If you haven’t already, odds are good you’ll have to dial 911 at some point. Whether it’s an emergency happening to you or someone else, the voice on the other end offers a sense of calm in a storm when it’s needed most.
It’s a fast-paced career, but public safety dispatchers say there’s no job that compares. They’re the first line of defense because they are notified first when an emergency occurs. While calming frantic callers, they simultaneously communicate with the responding agency.
Dispatchers are key members of an efficient, well-trained team of public safety professionals. One of those members is Florence Prickett, a dispatcher and 12-year veteran of Huntsville Fire & Rescue.
Prior to joining HFR, she worked as a dispatcher for the Huntsville Police Department and HEMSI. When asked what led her to become a dispatcher, she didn’t hesitate: “A desire to help people.”
Prickett sought a career that provided job security and great benefits. The City of Huntsville checked both of those boxes. Her primary motivation, however, was knowing she could come to work each day and help someone.
“Sometimes we deal with people on the worst day of their lives, but the desire to help pulls you through,” she said.
More than a job
Like Prickett, Communications Manager Eric Jean was attracted to dispatching because it seemed like a stable career with great benefits. Once he got into the position, however, the more he wanted to learn and improve.
“This job is very gratifying because even if it might not be a big emergency, it’s a big emergency to the caller,” he said. “We’re here to be a liaison between the public and the first responders, while also keeping our first responders safe.”
Keeping the public safe is also a key responsibility. Prickett said it’s not uncommon for a dispatcher to tell a caller to back away from a dangerous situation.
She recalls doing just that during a structure fire call in which the caller believed an elderly lady was trapped inside. Though smoke and flames were visible in the home, Prickett advised the caller not to break any windows or make entry because doing so would fuel the fire.
“He was able to see through the windows that the elderly woman was still in there,” he said. “We later found out she was searching for her dog. (The caller) sounded so defeated because he wasn’t able to help her. He thought she was gone.”
The woman ultimately exited the house, and firefighters were able to save her dog.
“Sometimes we don’t know what the end result is, but because we have great district chiefs, they’ll call and let us know what happened,” Prickett said. “It’s always great to have closure and know when a call went well.”
Public safety dispatchers are part of an elite team. According to the U.S. Bureau of Labor Statistics, there were 98,300 police, fire and ambulance dispatch jobs in the U.S. in 2019. With a U.S. population of more than 328 million, that’s one public safety dispatcher per 3,336 people.
Making fast-paced decisions that help both the caller and firefighters heading to the scene can be tense, but that’s when teamwork comes into play.
“The longer you work with people, the more you know what their next move is so you can make your next move,” Prickett said. “We check in with one another. We communicate behind the scenes. … That common denominator is that we all want to help and provide the best service to the community.”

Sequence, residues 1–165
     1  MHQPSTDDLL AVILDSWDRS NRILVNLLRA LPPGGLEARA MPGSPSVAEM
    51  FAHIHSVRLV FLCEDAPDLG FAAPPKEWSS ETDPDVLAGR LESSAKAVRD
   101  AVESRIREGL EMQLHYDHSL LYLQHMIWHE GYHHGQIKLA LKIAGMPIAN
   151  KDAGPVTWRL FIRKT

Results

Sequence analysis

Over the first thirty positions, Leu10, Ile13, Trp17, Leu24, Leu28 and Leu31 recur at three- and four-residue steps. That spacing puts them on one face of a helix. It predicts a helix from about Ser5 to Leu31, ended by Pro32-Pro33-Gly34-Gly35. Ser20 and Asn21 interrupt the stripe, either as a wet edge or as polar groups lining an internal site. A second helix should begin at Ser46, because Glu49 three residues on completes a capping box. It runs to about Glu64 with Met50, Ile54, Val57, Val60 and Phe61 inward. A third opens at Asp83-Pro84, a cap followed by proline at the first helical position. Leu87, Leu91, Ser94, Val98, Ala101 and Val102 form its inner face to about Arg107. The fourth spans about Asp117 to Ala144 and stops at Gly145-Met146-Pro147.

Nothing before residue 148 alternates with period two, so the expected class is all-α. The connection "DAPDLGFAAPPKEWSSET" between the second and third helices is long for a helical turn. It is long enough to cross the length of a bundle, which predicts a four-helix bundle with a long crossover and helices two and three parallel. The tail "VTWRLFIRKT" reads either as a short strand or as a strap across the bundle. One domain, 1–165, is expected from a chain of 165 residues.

That team dynamic extends from the newest dispatcher all the way up to HFR Chief Howard McFarlen.
“He’s got a background in dispatch, so when we go to him with questions and concerns, he understands and wants to help,” Jean said. “That leadership and understanding from the administrative side isn’t something you often find, which is why we get dispatchers from other agencies.”
HFR is now taking applications for both firefighters and public safety dispatchers. Jean said he and the department’s certified training officers can work with anyone committed to the cause.
“We can’t train someone to show up on time or even early,” he said. “We can’t train if they’re unable to communicate or don’t have a good work ethic. If someone has a good attitude, we can work with them.”
Being able to put out multiple fires, literally and figuratively, is a big part of the job. Considering Huntsville’s explosive growth, there’s rarely a dull moment in the Madison County 911 Center.
“It’s good to know how to multitask; being able to listen to what’s going on in one ear while also maintaining whatever situation is happening in the background,” Jean said.
Prickett said the ideal dispatcher is one who shows compassion to the caller. It also doesn’t hurt to be driven and ambitious.
“You have to be able to maintain control when you’re talking to someone who’s not sure how a call will turn out,” she said. “You also have to stand your ground and guide the conversation while letting them know you’re doing everything for them as quickly as you can.”
Jean acknowledged the job isn’t for everyone because dispatchers work evenings, holidays and weekends. He and Prickett both say the benefits are worth it, however.
“There will always be a need for people to do what we do,” Prickett said. “A lot of people say public safety is a thankless type of work, but it’s really not. You feel accomplished at the end of each call when you know you’ve got the citizen some help. … I love this job.”
To learn more about the hiring process and complete your application, please visit joinhuntsvillefireandrescue.com. Candidates can also email recruiter Cory Green at Cory.Green@HuntsvilleAL.gov for more information or to ask questions.